Can AirAsia save Malaysia Airlines?

Courtesy Reuters

Back in March, AirAsia chief Tony Fernandes said he was not keen on acquiring Malaysia Airlines (MAS).

This came amidst speculation of a likely scenario when Malaysian Prime Minister Mahatir Mohamad mulled over the future of the beleaguered flag carrier, suggesting it might be better off sold if not downsized or expanded as the case may be with a change of management.

Dr Mahatir said: “Although we hired foreign management, MAS still faced losses. Therefore, one of the options is to sell.”

Four turnaround initiatives without success had apparently cost the government MYR250 billion (USD 6.05 billion).

Recent events have led to renewed speculation of AirAsia’s interest. Former AirAsia Group Bhd non-executive chairman Pahamin Rajab is said to have met Dr Mahatir. However, it might well point to Mr Pahamin’s personal interest eyeing the top job at Malaysia Airlines following the resignation of Tan Sri Mohammed Nor Md Yusof as chairman.

But if the acquisition does come about, it would be an interesting case of how a budget carrier came to assimilate a larger national carrier. AirAsia, once itself heavily indebted, had become Asia’s leading budget carrier.

There are clear benefits of such a merger. The two carriers can complement their networks and not compete as rivals on the same routes given AirAsia’s ambition to expand into the long-haul market, unless the products differ substantially in their make-up. This can be modelled after the likes of Singapore Airlines-Scoot and Qantas-Jetstar complement.

The execution is key. The industry has seen one too many examples of assimilation by a legacy carrier of a low-cost operator. For AirAsia, the big question must be one of how its operating culture will mesh with that of MAS, noting in particular that its success lies in the austere budget model although this does not imply it is not inclined to be service-bias.

One can’t help but wonder how and why MAS has failed to change in spite of earlier initiatives at restructuring, so much said about cost-cutting and perhaps not enough focus on the operating culture. So can AirAsia work the magic?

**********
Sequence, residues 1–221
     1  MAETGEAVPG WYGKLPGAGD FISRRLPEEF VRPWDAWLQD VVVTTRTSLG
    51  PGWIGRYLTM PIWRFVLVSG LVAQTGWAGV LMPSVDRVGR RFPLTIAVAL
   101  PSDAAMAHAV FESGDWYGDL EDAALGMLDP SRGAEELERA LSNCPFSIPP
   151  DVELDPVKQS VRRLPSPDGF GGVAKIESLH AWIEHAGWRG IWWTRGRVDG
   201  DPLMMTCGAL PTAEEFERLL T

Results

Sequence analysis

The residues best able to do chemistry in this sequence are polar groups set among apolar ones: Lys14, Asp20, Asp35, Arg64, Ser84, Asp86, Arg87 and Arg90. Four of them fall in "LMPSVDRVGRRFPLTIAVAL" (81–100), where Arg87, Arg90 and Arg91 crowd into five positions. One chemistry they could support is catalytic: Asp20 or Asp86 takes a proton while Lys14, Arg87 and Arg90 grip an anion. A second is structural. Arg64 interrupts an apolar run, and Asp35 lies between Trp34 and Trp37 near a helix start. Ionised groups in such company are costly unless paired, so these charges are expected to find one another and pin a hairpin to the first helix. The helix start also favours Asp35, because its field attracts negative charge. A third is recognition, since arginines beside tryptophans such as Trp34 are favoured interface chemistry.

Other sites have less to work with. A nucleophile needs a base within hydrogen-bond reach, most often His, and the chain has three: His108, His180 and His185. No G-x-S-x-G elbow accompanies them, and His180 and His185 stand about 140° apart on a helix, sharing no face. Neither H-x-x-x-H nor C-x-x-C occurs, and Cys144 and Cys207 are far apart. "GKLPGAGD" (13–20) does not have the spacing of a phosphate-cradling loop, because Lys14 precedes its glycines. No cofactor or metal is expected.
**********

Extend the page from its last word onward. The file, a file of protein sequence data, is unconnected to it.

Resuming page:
But, of course, only if Mr Fernandes wanted it. He had said: “For low-cost carriers to go full-service… is a mistake.” He had also called Malaysia Airlines “old-fashioned”. For him, the priority is to transform AirAsia into a “travel technology company”. In his words, to be “more than just an airline”.

The real question then is: Is MAS ready for the transformation?

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Malaysia Airlines flip-flops, its future uncertain

THE powers that be at Malaysia Airlines seem to be not quite sure about what they want. The apparent lack of conviction in their commitment to right a tilting ship has left the airline directionless and without a palpable vision.

In August last year, the ailing airline made a share swap with white knight AirAsia in a move aimed at checking Malaysia Airlines’ plunge further into the red. This would result in AirAsia chief Tony Fernandes owning a 20.5 per cent stake in the national flag carrier, in exchange for a 10 per cent stake in the budget carrier. Today, that deal is off as both airlines agree to unwind the share swap, reportedly “on a willing-buyer, willing-seller basis” but not discounting political pressure and that from Malaysia Airline staff and their union. This will also see the exit of both Fernandes and his deputy Kamaruddin Meranun from the Malaysia Airlines board of directors.